Friday, January 11, 2008

'Round the Sphere: Christiane Truelove and the Jarvik Fop Flap

Some day I'll meet up with Chris Truelove -- she works just down the road from me! For now, however, I'll just have to be content with reading "Pharma Blogs: Week in Review," the weekly e-newsletter Chris writes (subscribe here). This week's edition is a gem, and not only because she mentions me at least 3 times! She managed to cite every one of the posts I made this week to Pharma Marketing Blog! Thanks, Chris.

I don't think Chris will mind if I excerpt some of her comments here.

Chris cited several blogger comments about Jarvik, the "doctor" celebrity Lipitor spokesperson. She notes that uber-liberal Peter Rost at Brandweek's NRx and Ayn Rand groupie Peter Pitts over at Drug Wonks make strange bedfellows agreeing with one another on the Jarvik issue:

What I am very surprised at is that Mr. Pitts and Dr. Peter Rost at BrandWeekNRx actually agree that picking on Dr. Jarvik for not being a licensed physician is wrong. Dr. Rost came to Dr. Jarvik’s defense. "Quite frankly, I'm shaking my head a bit," Dr. Rost says. "It is one thing to go after celebrities who know nothing about medicine and another to go after a guy who happens to have contributed more to medicine than most practicing docs."
Obviously, there's "medicine" and then there's the "practice of medicine," which is a point Bob Ehrlich and I (two other strange bedfellows) focused and agreed on. Chris writes:
John Mack at the Pharmaceutical Marketing Blog had thought Dr. Jarvik was a practicing physician when the ads first aired. Now that Dr. Jarvik has been outed, Mr. Mack says, “I am not belittling the contribution Jarvik has made to medicine, but it does appear to me that the Lipitor ads are misleading consumers into believing that Jarvik is a doctor similar to the doctors they are used to seeing in real life -- one that treats patients and has experience with cholesterol medications. Why else would we believe him as an endorser of Lipitor?”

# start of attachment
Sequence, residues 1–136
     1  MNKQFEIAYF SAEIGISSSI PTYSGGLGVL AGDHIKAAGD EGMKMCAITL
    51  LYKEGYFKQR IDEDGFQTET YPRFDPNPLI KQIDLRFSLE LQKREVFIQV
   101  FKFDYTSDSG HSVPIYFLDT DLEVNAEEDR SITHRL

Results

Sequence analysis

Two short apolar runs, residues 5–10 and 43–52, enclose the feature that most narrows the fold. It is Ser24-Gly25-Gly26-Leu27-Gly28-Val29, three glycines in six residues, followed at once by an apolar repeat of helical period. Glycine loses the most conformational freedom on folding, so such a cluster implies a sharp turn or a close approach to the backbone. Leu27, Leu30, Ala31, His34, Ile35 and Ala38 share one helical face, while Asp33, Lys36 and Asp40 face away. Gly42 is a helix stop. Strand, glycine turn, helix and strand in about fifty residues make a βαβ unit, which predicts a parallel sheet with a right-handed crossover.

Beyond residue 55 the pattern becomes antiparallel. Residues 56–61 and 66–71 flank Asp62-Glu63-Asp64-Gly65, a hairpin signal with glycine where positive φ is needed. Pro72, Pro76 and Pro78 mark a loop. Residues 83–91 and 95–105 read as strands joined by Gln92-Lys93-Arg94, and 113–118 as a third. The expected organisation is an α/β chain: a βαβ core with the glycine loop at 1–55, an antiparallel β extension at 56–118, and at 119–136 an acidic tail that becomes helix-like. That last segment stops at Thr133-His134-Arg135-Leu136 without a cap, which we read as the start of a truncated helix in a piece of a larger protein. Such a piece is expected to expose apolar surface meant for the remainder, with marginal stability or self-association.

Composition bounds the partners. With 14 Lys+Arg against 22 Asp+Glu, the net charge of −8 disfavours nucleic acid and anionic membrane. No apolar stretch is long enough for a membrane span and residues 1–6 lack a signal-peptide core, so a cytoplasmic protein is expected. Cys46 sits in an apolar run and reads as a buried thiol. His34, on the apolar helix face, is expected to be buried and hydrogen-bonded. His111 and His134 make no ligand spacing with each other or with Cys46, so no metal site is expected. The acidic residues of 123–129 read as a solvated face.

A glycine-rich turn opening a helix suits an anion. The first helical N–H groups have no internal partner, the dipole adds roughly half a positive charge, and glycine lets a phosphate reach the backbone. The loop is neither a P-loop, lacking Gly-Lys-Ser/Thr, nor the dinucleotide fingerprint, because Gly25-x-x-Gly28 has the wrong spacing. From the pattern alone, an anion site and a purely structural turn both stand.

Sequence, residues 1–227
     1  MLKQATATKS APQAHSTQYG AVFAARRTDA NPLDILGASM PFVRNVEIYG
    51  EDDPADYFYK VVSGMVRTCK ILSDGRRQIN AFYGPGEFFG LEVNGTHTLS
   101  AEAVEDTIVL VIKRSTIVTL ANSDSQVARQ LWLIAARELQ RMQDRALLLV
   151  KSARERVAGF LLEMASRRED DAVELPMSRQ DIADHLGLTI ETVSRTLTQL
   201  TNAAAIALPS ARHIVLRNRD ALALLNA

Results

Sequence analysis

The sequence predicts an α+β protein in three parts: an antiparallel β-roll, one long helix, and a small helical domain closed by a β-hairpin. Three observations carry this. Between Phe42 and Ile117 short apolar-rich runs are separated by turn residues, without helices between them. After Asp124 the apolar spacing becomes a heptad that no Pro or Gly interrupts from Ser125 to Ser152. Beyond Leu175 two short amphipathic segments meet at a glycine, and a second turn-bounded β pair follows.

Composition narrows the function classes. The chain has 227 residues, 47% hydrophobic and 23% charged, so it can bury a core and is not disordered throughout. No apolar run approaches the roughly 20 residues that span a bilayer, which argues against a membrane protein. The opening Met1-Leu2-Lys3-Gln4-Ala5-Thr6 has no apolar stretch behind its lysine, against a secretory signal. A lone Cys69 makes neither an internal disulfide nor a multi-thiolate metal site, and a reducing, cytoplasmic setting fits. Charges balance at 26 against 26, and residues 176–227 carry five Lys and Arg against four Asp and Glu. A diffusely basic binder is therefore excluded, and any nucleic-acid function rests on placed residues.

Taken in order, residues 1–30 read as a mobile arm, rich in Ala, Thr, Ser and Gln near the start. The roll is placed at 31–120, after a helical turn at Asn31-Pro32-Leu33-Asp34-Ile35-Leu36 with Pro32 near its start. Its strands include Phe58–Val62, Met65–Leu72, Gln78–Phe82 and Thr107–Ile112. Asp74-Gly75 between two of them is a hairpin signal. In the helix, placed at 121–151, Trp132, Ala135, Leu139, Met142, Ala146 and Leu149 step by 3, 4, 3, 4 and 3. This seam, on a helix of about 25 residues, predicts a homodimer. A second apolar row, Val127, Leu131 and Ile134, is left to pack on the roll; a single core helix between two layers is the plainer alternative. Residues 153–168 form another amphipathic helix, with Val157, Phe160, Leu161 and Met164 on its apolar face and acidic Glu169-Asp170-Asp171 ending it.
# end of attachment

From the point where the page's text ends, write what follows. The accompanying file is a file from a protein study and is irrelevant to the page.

At DTC Perspectives’ blog, DTC in Perspective, Bob Ehrlich admitted that he was surprised to hear that Dr. Jarvik was not a licensed physician. “I assumed he was a leading cardiologist,” he says. “Of course that was my assumption, not something Lipitor ever said in their ads. Jarvik is what he says he is. He is a scientist who invented the artificial heart. Like many researchers who have a medical degree, they do not practice. I am sure; however, Jarvik knows a thing or two about the heart.” Although “Pfizer is not guilty of anything in a literal sense,” Mr. Ehrlich suggests that Pfizer put a clarifying statement on the commercial that states that Dr. Jarvik does not practice medicine.
Yes, Pfizer is not guilty of anything except a lack of transparency.

Speaking of using celebrities in DTC ads, Jarvik actually was MADE a celebrity in the public's eye BY the Lipitor ads. I mean, do you think Joe Sixpack ever heard of Jarvik BEFORE the ads aired? I don't think so. On the other hand, the Boniva commercials do not even have to mention Sally Field's name; everyone knows her! In other words, Pfizer CREATED the image of Jarvik as a world-renowned DOCTOR in the public's eye -- they even fooled an expert like Ehrlich into believing Jarvik was a practicing cardiologist who knows something about treating high cholesterol.

BTW, even a layperson like Paul Winchell, the renowned ventriloquist, can invent an artificial heart, which he did BEFORE Jarvik did. In fact, the Winchell family claims that Jarvik STOLE Winchell's idea after forcing him to donate his patent to the University of Utah. Here's a comment I received to my October, 2006, post "Lipitor's Jarvik: Fop or Flop?" that first "outed" Jarvik as possibly a closet gay guy (not that there's anything wrong with that):